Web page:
How to wrap markdown posts with additional markup

This recipe shows you how to add additional HTML around your markdown blog posts. We like to call this technique the “decorator” pattern.

This technique is commonly used to add dynamic metadata like dates, author and tags, which allows you to keep your metadata in your _data.json file, while keeping the simplicity of markdown files.

Another common use case is when you need your post to have a particular HTML structure, but still want to write your blog posts in markdown.


This is the directory setup we have:

/_decorator.jade  // or _decorator.ejs
/index.jade  // or index.ejs
  1. A / which is going to be the extra HTML wrapping our markdown posts.
  2. We’ll use the / to render our post using the decorator file.
  3. / holds the content of our post
  4. We’ll use /_data.json to store our post’s metadata like author, date and title.

Setup our metadata

The /_data.json file looks like this:

  "foo": {
    "title": "Responsive Web Design",
    "author": "Ethan Marcotte",
    "date": "October 2011",
    "type": "book"

Setup our markdown post

The content of our blog post will be at / For this particular recipe, this file will only contain the content of the post, not the title or any other metadata.

Setup the decorator file

Using Jade

article(class="post post-#{ type }")
    h1= title
    p By #{ author } — #{ date }
    != yield

Using EJS

<article class="post post-<%= type %>">
  <header class="post-header">
    <h1><%= title %></h1>
    <p>By <%= author %> — <%= date %></p>
  <div class="post-body">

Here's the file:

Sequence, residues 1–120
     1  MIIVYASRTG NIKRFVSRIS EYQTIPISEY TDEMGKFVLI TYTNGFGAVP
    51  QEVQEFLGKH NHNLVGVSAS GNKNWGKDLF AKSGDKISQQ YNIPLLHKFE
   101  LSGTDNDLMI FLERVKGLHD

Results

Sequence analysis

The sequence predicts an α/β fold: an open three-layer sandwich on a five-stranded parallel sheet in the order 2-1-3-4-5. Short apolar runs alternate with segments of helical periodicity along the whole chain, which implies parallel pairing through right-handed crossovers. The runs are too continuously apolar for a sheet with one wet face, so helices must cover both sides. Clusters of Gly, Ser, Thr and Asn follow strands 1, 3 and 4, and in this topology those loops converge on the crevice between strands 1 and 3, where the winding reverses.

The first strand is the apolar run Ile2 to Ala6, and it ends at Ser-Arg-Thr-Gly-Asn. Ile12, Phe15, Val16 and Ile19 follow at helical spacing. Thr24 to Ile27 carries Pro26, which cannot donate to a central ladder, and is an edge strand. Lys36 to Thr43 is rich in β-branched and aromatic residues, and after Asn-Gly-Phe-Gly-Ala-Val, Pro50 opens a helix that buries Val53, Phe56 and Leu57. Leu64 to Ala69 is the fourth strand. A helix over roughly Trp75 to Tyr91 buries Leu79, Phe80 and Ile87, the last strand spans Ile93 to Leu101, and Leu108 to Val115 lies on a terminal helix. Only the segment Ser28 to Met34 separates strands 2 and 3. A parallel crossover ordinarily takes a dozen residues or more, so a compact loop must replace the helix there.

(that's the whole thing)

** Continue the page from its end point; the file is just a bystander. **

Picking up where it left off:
<%- yield %>

Using the decorator in the index page

Using Jade

- var post =;
- post.yield = partial("foo");
!= partial("_decorator", post)

Using EJS

<% var post =; %>
<% post.yield = partial("foo"); %>
<%- partial("_decorator", post) %>

How does it work?

All the action is happening on the index file. The first thing that we do is get the data stored in the _data.json file and assign it to the post variable.

Then we get the content of our file by using the common partial function and we extend our post object by assigning the value returned by partial to the yield attribute.

We then use the partial function one more time to render our _decorator file and pass the post object we just created as the second argument. The second argument of partial is used as template variables, so we can use those variables inside the decorator file.


If you need help to better understand what’s happening or how you can apply this to your app, you can see this pattern being used in the Baseline boilerplate created by Ross Howard-Jones.